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Posted by Brooklynbanjoboy on Sunday, May 10, 2015

I learned, from a BHO friend in England, that Keith Johnson, the founder of Friends of American Old Time Music and Dance (FOAOTMAD), passed away on 2 May 2015.


I first learned about Mr. Johnson and his dedication to old time music in the course of researching my biography of Dwight Diller.   In the late 1990s Dwight Diller began traveling to England to teach banjo retreats and play at a variety of folk venues in the company of fellow West Virginian Dave Bing, with whom he produced the CD In England in 1999.


The annual trips to England were important moments for Dwight. 


The years of annual travel to England to conduct workshops and from time to time concertize in small pub settings were unique travel experiences and provided Dwight with distinctive teaching opportunities and the chance to exert influence and shape a completely different old time music community.  Nick Pilley recalled:


Dwight met with Keith Johnson who founded our organization, Friends of American Old Time Music and Dance, FOATMAD, and came over both to give workshops (with Dave Bing) and also to appear at the organization’s annual old time festival in Gainsborough, Lincolnshire, Keith Johnson's hometown.The workshops were held from 1999 to 2004.The one in 1999 was in December but others were November.  He was unable to make 2005 when he was recovering from a car accident.  With the exception of the first one that ran from 4 to 7 December, these were two weekends apart, the first for beginners and the second for intermediate.  For example, in 2000 that would have been 18th-20th and 24th-26th November.  In December 1999 Dwight performed at the Trinity Arts Centre in Gainsborough and he was a guest at the Gainsborough Old Time Music and Dance Festival in February 1998, 1999, and 2004.


FOAOTMAD organizer Keith Johnson appeared to have sought the advice and guidance of several American musicians in 1995 at the Galax Fiddlers Convention regarding old time musicians in the United States who would be willing to commit to an annual banjo retreat in the United Kingdom.  Old time fiddler Betty Vornbrock and her guitarist husband Billy Cornette, who themselves were performing in England as early as 1996, recalled the difference Dwight made: in the mid-1990’s, they heard a handful of banjo players capable of “good, clean melody lines and timing, who knew their way around the neck.”  Just several years later, after a year or two of Dwight’s annual lessons, they began to hear more rhythm, push and drive in the music of old time banjo players in England.  Vornbrock stated, sixteen years later, that after a couple of those annual teaching gigs of Dwight’s in the England: “We could hear a vast improvement.  [. . .] it had become obvious that Dwight's insistence on embodying the beat and bringing it into the right hand had transformed the players - they were now striving for that elusive thing about old time music: how to make it move.”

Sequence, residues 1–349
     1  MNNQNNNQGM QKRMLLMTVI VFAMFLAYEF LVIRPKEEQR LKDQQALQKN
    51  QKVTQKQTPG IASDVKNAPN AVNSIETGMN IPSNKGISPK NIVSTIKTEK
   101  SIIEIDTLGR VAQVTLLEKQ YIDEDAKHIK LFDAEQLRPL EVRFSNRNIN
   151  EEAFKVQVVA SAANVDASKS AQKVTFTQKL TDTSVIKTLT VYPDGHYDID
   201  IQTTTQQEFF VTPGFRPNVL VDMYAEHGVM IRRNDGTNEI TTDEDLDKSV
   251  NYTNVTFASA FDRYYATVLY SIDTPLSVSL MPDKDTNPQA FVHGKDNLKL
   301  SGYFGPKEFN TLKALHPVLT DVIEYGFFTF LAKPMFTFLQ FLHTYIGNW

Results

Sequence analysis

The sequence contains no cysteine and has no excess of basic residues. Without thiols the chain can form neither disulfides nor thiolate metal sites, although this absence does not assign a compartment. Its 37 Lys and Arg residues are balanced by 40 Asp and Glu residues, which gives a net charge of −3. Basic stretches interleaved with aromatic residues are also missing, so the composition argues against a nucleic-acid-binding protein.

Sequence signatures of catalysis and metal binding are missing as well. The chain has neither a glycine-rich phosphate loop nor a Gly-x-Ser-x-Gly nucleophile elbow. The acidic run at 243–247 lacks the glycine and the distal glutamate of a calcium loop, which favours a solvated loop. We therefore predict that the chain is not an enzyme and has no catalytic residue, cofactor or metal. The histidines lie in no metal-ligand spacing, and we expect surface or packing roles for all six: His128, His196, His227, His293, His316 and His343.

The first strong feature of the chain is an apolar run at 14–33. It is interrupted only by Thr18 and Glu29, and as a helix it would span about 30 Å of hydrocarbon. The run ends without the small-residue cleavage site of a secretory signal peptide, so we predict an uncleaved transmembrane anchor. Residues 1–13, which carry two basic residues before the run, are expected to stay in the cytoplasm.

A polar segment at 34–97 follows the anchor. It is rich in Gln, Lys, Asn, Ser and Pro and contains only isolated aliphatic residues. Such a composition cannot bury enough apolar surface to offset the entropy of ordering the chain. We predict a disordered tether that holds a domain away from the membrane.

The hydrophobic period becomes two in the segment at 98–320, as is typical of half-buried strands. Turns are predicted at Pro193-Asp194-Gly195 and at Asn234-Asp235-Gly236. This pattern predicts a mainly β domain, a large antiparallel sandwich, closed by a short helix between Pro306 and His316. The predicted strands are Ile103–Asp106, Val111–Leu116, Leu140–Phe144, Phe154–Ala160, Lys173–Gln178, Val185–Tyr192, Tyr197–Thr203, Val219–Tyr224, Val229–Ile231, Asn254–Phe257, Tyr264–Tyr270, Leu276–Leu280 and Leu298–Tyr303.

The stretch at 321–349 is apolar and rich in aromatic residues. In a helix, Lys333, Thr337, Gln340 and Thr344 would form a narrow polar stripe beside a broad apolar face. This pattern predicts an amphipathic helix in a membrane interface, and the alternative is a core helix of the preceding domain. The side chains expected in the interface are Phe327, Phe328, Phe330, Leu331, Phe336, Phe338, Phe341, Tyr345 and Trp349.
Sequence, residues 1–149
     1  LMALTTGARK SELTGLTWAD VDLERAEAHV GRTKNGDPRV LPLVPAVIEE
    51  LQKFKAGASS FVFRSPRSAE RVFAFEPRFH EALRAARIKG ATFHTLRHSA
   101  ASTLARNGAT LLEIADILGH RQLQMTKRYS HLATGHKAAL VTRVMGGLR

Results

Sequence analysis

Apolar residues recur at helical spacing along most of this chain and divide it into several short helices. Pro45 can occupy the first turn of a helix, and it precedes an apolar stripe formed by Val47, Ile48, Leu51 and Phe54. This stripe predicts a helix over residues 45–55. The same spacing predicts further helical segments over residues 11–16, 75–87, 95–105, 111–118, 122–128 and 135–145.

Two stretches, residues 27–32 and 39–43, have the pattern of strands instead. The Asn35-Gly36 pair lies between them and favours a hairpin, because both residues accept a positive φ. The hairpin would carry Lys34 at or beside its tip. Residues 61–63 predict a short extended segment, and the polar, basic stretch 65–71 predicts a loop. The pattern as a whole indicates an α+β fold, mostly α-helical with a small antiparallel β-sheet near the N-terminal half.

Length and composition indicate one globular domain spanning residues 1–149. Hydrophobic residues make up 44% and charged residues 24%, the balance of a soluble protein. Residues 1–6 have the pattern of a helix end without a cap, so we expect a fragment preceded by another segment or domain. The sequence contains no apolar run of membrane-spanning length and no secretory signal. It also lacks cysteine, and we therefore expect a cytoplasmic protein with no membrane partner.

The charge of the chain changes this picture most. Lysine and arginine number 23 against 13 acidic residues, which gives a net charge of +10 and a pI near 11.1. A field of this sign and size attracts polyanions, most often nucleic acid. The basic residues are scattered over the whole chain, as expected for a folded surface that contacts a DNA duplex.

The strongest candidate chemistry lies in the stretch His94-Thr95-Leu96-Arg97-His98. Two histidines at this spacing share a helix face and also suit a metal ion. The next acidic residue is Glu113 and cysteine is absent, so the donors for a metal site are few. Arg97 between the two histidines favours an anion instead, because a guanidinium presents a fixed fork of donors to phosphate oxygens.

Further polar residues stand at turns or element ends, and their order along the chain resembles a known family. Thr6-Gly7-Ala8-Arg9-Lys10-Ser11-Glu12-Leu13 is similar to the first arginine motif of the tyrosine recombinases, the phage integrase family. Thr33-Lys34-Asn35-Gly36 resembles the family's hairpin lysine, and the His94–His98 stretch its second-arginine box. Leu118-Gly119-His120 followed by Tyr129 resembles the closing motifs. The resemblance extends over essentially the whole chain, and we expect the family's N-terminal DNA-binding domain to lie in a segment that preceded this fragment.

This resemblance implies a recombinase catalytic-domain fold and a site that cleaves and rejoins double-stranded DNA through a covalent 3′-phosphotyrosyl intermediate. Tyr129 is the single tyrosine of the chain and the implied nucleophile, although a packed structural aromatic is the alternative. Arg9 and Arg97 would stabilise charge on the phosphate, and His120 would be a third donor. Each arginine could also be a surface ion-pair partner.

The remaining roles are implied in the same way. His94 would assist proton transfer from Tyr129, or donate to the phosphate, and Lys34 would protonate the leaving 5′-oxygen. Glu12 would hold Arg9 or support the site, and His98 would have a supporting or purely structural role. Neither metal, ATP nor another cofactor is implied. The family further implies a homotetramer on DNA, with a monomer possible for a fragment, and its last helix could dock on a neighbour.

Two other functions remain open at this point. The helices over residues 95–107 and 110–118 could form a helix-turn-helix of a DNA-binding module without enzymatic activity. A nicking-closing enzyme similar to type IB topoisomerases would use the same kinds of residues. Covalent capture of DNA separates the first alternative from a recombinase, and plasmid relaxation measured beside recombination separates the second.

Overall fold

Dwight enjoyed his teaching work in England.  He was keenly focused on way he had to quickly learn to read "cultural messages," as he put it, and the adjustments necessary to interact socially in England, and he remained acutely interested in those "messages" and mused about them for many years after he was compelled, for reasons of health, to end his annual trips to England.  He thought the teaching experience in England was vastly different than the retreats he conducted in the US: highly collegial, much more relaxed, more homogeneous student populations perhaps because of the unifying influence of FOAOTMAD. 


RIP Keith Johnson.


Condolences to the UK family and friends of Mr. Johnson.




Lew Stern


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